Judges dismiss Moral Monday Cases on First Amendment Grounds (Finally)

More than 900 people were arrested last year in what is known as the "Moral Monday" protests. Protesters would generally congregate outside the Legislative Building in Raleigh and then walk inside in a large group. Invariably, after being allowed in and allowed to assemble for a period of time, the head of the Capitol Police would demand that everyone leave within minutes. Those who remained on the second floor of the building after this demand were indiscriminately arrested and charged with various misdemeanors, including trespass, failure to disburse, and violation of building rules.

The Wake County District Attorney's Office offered to dismiss the charges in exchange for admissions of responsibility and an agreement to complete community service. Hundreds chose not to take the deal and have been going to trial. Over time, the State decided to dismiss the failure to disburse and violation of building rules charges, but continued to prosecute defendants for trespass.

Until recently, the outcome of these trespass trials was unpredictable, with many being found guilty and some being found not guilty. Under North Carolina law, those who are found guilty in district court (where a judge is both the judge and jury) can appeal their conviction and have a second trial in front of a jury of 12.

However, a recent United States Supreme Court case has changed the landscape and given the Moral Monday defendants a much greater chance of success. That case is McCullen v. Coakley, in which the Supreme Court reiterated that the government cannot create "buffer zones" banning people from certain public spaces when the government has available to it other options that are less restrictive of speech. In short, the Court held, "the government must demonstrate that alternative measures that burden substantially less speech would fail to achieve the government's interests, not simply that the chosen route is easier."

Relying on this case, two judges have dismissed the charges against each of the defendants that have gone to trial in recent weeks. One judge issued a written order citing McCullen and explaining that "the General Assembly Police failed to explore less restrictive means to accomplish the government interest in dealing with the disturbance. As a result, the Defendants . . . , who were not creating or contributing to any disturbance . . . , were subject to an unconstitutional order to disperse . . . . The State has not shown that less restrictive measures would have failed to achieve the government's interests. . . . The charge of trespass . . . therefore constitutes an unconstitutional burden upon [the Defendants'] right to peacefully assemble and speak."


This analysis appears correct. Free speech is a foundational principle of our system of government. This "freedom" cannot be so thin that a single government official can decide to silence an entire group of political speakers in a public space based on his own determination that they are no longer welcome.

Moreover, the North Carolina Constitution explicitly states, "The people have a right to assemble together to . . . to instruct their representatives, and to apply to the General Assembly for redress of grievances[.]" N.C. Const. Art. I, Sec. 12. Attempting to "instruct their representatives" and "apply to the General Assembly for redress of grievances" was the explicit purpose of the Moral Monday protests.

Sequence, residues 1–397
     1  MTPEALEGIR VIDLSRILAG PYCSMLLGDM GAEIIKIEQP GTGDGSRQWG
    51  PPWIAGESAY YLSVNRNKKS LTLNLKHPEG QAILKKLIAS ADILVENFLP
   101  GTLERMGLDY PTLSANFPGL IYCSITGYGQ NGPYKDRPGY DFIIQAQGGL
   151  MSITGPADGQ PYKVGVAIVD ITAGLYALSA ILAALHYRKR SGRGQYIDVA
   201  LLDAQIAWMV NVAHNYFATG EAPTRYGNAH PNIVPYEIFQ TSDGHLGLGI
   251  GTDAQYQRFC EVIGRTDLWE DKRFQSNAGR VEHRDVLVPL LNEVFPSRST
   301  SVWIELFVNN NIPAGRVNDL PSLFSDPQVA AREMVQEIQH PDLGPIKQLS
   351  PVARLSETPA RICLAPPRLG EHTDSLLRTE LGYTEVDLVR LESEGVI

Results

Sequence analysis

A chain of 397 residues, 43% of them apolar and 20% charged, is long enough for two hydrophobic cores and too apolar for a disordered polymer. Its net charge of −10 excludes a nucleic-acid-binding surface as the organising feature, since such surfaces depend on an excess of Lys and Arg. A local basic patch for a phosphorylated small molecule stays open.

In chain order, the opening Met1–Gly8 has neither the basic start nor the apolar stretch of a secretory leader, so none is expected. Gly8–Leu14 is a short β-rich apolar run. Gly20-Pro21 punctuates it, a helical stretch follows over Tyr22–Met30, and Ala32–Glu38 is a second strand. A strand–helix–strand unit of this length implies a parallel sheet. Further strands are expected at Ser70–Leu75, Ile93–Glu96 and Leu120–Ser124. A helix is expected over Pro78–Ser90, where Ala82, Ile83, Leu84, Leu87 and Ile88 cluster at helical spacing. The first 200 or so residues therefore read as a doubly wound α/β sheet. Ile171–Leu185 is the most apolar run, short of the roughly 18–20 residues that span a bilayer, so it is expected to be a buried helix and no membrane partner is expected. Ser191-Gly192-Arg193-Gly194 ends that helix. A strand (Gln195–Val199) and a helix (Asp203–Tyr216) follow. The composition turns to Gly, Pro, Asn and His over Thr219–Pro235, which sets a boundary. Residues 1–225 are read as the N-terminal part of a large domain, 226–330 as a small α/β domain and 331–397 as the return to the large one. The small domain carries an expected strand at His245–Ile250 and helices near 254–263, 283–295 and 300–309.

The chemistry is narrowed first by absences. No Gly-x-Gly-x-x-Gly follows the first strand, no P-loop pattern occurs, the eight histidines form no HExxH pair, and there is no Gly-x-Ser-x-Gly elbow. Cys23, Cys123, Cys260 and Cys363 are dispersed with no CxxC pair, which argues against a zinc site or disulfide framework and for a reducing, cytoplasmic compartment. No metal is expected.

Prior to becoming "protesters," many of those arrested unsuccessfully attempted to contact their representatives through other means---phone calls, emails, letters, etc. After failing to be heard through these other channels, and with a legislature utilizing secret sessions to conduct serious business, these citizens went to the one place where they could be sure they would be heard---the General Assembly.

Their action is the very definition of engaged citizenship, and we cannot tolerate the police insulating our representatives from the voices and views of the citizens. If we did, only those who our representatives wished to hear from would be heard, and this would lead to a complete breakdown of our representational system of democracy.

Finally, while these rulings should spell defeat for the State's case against the Moral Monday protesters, it is important to remember that there are two sides to this debate. One the one hand, the freedom of speech and assembly and the right to instruct representatives are paramount constitutional protections that ensure that the government is responsive to the will of all the people and acts "solely for the good of the whole." N.C. Const. Art. I, Sec. 2. On the other hand, the legislature needs to be able to function without overwhelming disruption, and the police should not be vilified for their attempts to achieve this goal.

But nor should they be vindicated. Instead, the police need to craft a means of protecting against disruption of the legislative sessions that allows the public to communicate directly with legislators at the General Assembly, before, during and after sessions. This will be the next step of this process.

The government must craft regulations that are "narrowly tailored" to achieve the anti-disruption goal and give clear guidance to citizens about what they can and cannot do. These regulations will be subject to legal challenges, and through that process, we will arrive at a comprise of these two important interests that is far more protective of free speech than the method used during the Moral Monday protests.

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